Reindeer Dust

During one particularly foggy Christmas Eve, Santa and his reindeer were busier than ever. So busy, in fact, that the reindeer didn’t get any food before their big night! They were also having problems delivering toys because they couldn’t see to land the sleigh. They looked and looked for the houses they knew were below, but Santa and his trusty reindeer just didn’t know what to do.

Down below, a young boy named William, worried about the fog and what it could mean for Christmas, came up with a plan to help the reindeer. He made some Reindeer Dust! Made of oats, bran, and brown sugar, this sparkly concoction would surely be seen by Santa and his magical (and hungry) reindeer. William shared his wonderful mixture with the children nearby, and after sprinkling the Reindeer Dust on the ground and affirming their believe in Santa’s magic, the children went to bed with hope in their hearts.

Thanks to William and his quick thinking, the reindeer above made their way to the paths illuminated by the Reindeer Dust. Christmas was saved, and the children were filled with delight on Christmas morning, knowing that they had done their part in making this holiday all it should be.

Reindeer Dust, written by Kate Dwyer and illustrated by Joanne Lew-Vriethoff, is a welcome addition to the many books shared with families during the holiday season. It includes a poem to be read on Christmas Eve as well as an easy recipe for Reindeer Dust. The recipe alone is enough to ensure that this book earns its place in many families’ holiday traditions. (I know my nieces will love making–and sampling–the stuff!) It may also be a fun activity for those last days of school before winter break. Little readers would have something to take home and share with their loved ones, and the joy inspired by this charming book would spread far and wide!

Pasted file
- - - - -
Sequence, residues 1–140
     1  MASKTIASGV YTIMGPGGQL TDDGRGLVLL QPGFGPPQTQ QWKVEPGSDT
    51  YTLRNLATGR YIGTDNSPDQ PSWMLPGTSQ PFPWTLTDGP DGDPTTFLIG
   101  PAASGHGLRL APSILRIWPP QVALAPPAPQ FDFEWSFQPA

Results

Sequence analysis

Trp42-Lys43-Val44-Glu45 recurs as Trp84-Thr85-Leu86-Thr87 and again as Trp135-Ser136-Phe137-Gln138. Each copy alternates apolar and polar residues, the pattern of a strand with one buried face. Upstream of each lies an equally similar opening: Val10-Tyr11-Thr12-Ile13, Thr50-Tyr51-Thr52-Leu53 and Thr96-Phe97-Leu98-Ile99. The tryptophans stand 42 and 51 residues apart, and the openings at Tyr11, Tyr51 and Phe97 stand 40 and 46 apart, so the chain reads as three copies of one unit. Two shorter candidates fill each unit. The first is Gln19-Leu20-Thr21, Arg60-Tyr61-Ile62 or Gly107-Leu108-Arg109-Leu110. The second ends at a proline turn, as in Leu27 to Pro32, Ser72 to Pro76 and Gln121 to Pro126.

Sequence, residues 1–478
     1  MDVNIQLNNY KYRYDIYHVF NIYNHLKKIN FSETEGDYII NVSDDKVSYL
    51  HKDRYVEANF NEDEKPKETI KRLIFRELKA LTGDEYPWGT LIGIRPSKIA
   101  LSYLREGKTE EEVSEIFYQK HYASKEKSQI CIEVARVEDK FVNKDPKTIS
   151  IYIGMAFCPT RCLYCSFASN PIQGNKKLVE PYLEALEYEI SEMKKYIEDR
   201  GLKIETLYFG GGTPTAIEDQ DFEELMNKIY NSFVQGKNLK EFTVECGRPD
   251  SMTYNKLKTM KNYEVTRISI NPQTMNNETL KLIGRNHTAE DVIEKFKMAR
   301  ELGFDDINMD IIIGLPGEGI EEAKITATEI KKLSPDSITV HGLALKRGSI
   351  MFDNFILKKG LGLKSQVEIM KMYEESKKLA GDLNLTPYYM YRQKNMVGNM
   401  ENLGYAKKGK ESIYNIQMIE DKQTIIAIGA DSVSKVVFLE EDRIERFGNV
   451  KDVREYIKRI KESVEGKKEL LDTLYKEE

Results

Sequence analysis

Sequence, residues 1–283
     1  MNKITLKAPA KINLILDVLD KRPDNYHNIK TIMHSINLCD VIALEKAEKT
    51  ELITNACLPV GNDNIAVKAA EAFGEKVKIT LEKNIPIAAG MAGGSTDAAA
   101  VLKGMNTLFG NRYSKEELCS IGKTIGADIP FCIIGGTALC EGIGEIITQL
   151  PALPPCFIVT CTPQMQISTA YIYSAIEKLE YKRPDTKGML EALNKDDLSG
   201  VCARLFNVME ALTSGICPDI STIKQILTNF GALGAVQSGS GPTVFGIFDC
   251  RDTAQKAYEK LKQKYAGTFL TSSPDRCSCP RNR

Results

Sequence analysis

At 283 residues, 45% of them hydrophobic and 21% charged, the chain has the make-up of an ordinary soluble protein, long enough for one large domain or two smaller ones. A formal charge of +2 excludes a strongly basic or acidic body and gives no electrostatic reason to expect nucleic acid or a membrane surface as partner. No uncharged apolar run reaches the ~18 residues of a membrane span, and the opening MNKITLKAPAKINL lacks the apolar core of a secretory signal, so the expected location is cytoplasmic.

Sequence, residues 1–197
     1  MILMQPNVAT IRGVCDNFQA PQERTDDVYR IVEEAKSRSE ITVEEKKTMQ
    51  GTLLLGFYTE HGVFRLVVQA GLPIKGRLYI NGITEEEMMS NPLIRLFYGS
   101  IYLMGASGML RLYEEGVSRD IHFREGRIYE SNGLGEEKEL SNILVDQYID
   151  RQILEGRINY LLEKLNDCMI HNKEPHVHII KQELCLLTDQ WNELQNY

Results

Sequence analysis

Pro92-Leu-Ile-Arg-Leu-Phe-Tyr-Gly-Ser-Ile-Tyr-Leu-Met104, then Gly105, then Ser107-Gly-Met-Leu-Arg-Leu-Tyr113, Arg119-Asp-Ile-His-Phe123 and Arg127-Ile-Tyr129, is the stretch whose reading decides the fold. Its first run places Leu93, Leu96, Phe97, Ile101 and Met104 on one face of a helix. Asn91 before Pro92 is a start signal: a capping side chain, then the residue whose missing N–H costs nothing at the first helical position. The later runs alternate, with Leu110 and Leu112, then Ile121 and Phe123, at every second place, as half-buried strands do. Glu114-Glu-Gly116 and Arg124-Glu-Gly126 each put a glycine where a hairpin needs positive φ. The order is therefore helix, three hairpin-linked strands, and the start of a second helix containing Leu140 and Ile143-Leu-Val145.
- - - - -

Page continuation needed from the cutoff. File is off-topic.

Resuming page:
Pie by Sarah Weeks is a nominee for the 2013-14 South Carolina Children’s Book Award. This was a really fast, easy read, but it pulled at my heartstrings a little bit…and it made me really want some pie. It also contained a bit of a mystery that readers will be as eager to unravel as Alice, our totally relatable main character, was. Technically, Pie is a work of historical fiction (it takes place in 1955), but it doesn’t really read that way. In my opinion, this book is totally accessible to all readers, and almost everyone will be able to find something they can identify with.

Alice Anderson’s world is turned upside down when her beloved aunt, Polly Portman, passes away suddenly. To everyone else, Polly was the Pie Queen of Ipswitch, but Alice thought of Polly as her best friend in the entire world. She doesn’t really care how much everyone else missed Polly’s pies. Alice simply misses her Aunt Polly…until something happens that puts Alice–and her aunt’s cat Lardo–into the center of a mystery.

It seems that Aunt Polly’s highly coveted pie crust recipe was left to Lardo in her will. And Lardo was left in the care of Alice. Why would Polly–a very smart and not at all crazy woman–leave her prized recipe to her cat? How did she even do this? Of course, everyone is curious about this, but Alice is starting to think that someone is curious enough to commit crimes–like burglary and catnapping–to somehow get greedy hands on this recipe that her aunt valued so much.

Alice tries to take her concerns to her parents and even the police, but no one (except her friend Charlie) believes her. So Alice and Charlie do some investigating of their own. Suspects abound, especially since everyone seems determined to take Aunt Polly’s place as the Pie Queen of Ipswitch. It’s up to Alice to figure out who the real culprit is. Will she be able to solve the mystery? And what will she learn about herself along the way? Read Pie, a sweet mystery by Sarah Weeks, to find out!

With each chapter starting with a delectable pie recipe, I plan to really market this book to my students who frequently check out cookbooks. (A lot of kids are into cooking. Who knew?) This is a really sweet (pun intended) book that, yes, does contain a bit of a mystery, but also explores the bonds of family and friendship. It also teaches an important lesson about using one’s own talents and not worrying about what someone else may be good at or the recognition they may receive (a message that even I needed).